Giving Political CandidatesThe Same Rights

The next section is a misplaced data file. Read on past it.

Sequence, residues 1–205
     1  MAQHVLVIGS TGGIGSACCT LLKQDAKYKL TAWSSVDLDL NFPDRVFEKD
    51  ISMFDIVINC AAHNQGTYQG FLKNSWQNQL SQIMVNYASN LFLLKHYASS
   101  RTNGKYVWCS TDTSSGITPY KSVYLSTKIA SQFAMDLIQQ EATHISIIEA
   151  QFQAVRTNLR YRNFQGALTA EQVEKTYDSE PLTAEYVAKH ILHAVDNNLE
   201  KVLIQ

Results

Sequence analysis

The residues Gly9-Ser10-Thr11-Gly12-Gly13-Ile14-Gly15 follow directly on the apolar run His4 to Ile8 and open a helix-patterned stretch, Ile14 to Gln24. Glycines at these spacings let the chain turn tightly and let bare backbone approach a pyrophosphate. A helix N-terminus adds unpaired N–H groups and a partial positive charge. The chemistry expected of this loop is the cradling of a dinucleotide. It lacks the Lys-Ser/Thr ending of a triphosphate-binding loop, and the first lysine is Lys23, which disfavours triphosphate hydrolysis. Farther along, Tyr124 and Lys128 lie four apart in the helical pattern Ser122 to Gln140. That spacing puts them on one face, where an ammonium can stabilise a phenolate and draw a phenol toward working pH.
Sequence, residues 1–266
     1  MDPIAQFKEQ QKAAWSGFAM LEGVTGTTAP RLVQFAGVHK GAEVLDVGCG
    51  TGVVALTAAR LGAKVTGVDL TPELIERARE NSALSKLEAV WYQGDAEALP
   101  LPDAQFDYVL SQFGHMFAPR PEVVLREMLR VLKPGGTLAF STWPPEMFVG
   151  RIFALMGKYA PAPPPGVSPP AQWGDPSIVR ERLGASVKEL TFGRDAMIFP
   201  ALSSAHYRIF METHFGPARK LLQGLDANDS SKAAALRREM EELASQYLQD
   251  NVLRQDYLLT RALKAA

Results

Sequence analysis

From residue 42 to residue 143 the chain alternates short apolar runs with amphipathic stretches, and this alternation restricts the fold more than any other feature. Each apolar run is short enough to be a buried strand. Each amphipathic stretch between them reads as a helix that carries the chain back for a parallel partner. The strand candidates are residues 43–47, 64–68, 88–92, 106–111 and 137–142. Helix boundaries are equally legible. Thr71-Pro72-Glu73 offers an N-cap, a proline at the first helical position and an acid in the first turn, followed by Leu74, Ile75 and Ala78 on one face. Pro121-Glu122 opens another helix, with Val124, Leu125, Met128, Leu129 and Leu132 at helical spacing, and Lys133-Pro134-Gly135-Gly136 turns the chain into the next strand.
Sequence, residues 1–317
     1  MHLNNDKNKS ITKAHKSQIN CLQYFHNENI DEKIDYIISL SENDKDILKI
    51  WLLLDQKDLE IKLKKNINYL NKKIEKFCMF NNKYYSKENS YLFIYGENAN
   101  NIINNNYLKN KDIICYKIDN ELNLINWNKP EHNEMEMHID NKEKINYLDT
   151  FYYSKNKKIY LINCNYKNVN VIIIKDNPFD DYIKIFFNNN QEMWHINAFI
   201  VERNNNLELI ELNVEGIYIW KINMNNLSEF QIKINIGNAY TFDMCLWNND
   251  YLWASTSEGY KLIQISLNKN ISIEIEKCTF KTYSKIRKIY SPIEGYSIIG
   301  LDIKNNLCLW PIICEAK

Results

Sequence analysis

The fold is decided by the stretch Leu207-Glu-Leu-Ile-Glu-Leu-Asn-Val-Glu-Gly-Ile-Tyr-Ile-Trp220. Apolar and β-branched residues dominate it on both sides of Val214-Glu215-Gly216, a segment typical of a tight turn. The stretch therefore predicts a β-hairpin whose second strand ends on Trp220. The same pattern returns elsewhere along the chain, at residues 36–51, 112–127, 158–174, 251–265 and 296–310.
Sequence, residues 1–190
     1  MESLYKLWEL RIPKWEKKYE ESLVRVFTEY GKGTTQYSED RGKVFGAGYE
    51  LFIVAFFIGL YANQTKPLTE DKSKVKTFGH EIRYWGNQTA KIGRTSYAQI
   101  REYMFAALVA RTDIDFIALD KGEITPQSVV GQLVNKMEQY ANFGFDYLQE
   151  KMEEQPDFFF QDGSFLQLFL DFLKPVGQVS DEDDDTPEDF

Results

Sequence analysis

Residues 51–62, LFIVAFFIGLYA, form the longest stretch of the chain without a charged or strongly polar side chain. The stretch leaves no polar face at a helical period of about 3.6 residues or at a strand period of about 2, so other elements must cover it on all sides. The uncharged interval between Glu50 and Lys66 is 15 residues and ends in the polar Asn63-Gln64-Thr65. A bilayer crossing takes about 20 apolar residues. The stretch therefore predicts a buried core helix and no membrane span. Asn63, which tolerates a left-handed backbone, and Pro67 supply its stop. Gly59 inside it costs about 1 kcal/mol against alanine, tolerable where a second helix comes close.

I am entitled to change my mind. As far as I know anyone is. I would suppose it would also be so in a totalitarian regime. Unless one’s mind is controlled one can change one’s mind. In fact changing one’s mind is expected. How often each one of us has heard, wait ’til you get older inferring that age would teach us something and guide us to see whatever in a different light. Of course it’s not age per se, but the experience that automatically comes with it, and to be sure the learning that we may have had more time to engage in. It is clear then: for us, the factor of time and the learning and experience it implies, makes changing our minds a positive and seeing a given issue differently expected. Why doesn’t this seem to be so for politicians? As a rule we criticize those who change their minds. They flip flop, they bend with the wind, they adopt a stance for political reasons. Rarely do we seem to give them the benefit of the doubt or apply to them the same criteria: that time, its learning and experience may, and usually does, change one’s mind. When John Edwards ran for President a few months ago (seems so much longer doesn’t it?) it wasn’t enough for him to change his mind about having voted for the war, he had to apologize, then his change of mind could be taken seriously. It’s quite possible that while the change of mind was genuine, the apology was political–the opposite of how it was generally interpreted. But regardless of examples (and none that would be recent enough to illustrate this would come without an emotional charge that would negate the benefit of illustration) we seem to distrust a politician when he or she professes a different view on a given issue. We go back and look at their record and say, oops, he–or she–voted differently, he–or she–must be lying, or spinning their vote to appeal to this or that demographic group. Indeed there are times when a record is telling, when there is a consistency that tells us something, or some pattern that is revealing of something we ought to understand about them. But as we do, we ought to factor in the dimension of learning and experience, we ought to grant them the right we each have to change one’s mind. It may seem a small thing but it is an election year, soon we shall be deluged with political ads touting the record of so and so as an omen of whatever fear the other side wants us to feel. Hopefully we shall be wise to that, grant the candidate the same rights we have and come to our own conclusion.